Media artist Toshio Iwai and and Yu Nishibori of the Music and Human Interface Group, Yamaha Center for Advanced Sound Technology, have collaborated to design a new digital musical instrument for the 21st+century, TENORI-ON. A 16×16 matrix of LED switches allows everyone to play music intuitively, creating a “visible music” interface. It consists of a hand-held screen with a grid of LED switches, any of which can be activated in a number of ways to create an evolving musical soundscape. The LED switches are held within a magnesium frame, which has two built-in speakers located on the top of frame, as well as a dial and buttons that control the type of sound and beats per minute produced.

REVITAL COHEN & TUUR VAN BALEN

The Immortal
A number of life-support machines are connected to each other, circulating liquids and air in attempt to mimic a biological structure.
The Immortal investigates human dependence on electronics, the desire to make machines replicate organisms and our perception of anatomy as reflected by biomedical engineering.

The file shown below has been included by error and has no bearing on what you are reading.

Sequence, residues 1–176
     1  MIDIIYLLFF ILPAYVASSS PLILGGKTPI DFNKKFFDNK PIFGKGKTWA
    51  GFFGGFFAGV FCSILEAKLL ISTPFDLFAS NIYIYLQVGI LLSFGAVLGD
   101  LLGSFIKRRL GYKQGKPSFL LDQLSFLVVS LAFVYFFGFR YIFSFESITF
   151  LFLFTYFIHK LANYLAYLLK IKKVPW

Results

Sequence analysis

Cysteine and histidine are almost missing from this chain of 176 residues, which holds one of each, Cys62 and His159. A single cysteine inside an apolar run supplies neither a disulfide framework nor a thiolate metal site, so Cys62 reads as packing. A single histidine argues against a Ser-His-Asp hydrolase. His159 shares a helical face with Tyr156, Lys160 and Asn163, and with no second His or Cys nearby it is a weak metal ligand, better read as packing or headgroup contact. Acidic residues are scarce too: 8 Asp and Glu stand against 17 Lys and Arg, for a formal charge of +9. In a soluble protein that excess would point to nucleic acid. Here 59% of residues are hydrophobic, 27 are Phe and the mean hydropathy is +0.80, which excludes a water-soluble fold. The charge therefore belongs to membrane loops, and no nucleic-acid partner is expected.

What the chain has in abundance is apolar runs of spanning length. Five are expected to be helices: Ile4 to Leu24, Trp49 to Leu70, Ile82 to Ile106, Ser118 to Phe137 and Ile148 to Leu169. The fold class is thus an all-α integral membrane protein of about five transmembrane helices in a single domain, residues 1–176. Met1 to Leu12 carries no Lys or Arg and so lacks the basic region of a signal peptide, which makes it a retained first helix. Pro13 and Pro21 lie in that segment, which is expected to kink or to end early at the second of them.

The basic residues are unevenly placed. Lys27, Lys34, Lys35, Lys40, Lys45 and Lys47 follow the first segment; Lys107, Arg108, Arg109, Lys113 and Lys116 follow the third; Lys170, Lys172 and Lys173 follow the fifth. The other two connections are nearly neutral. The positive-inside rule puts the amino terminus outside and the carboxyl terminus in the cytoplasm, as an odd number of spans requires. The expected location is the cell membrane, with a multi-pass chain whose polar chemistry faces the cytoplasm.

A web of tubes and electric cords are interwoven in closed circuits through a Heart-Lung Machine, Dialysis Machine, an Infant Incubator, a Mechanical Ventilator and an Intraoperative Cell Salvage Machine. The organ replacement machines operate in orchestrated loops, keeping each other alive through circulation of electrical impulses, oxygen and artificial blood.
Salted water acts as blood replacement: throughout the artificial circulatory system minerals are added and filtered out again, the blood gets oxygenated via contact with the oxygen cycle, and an ECG device monitors the system’s heartbeat. As the fluid pumps around the room in a meditative pulse, the sound of mechanical breath and slow humming of motors resonates in the body through a comforting yet disquieting soundscape.Life support machines are extraordinary devices; computers designed to activate our bodies when anatomy fails, hidden away in hospital wards. Although they are designed as the ultimate utilitarian appliances, they are extremely meaningful and carry a complex social, cultural and ethical subtext. While life prolonging technologies are invented as emergency measures to combat or delay death, my interest lies in considering these devices as a human enhancement strategy.This work is a continuation of my investigation of the patient as a cyborg, questioning the relationship between medicine and techno- fantasies about mechanical bodies, hyper abilities and posthumanism.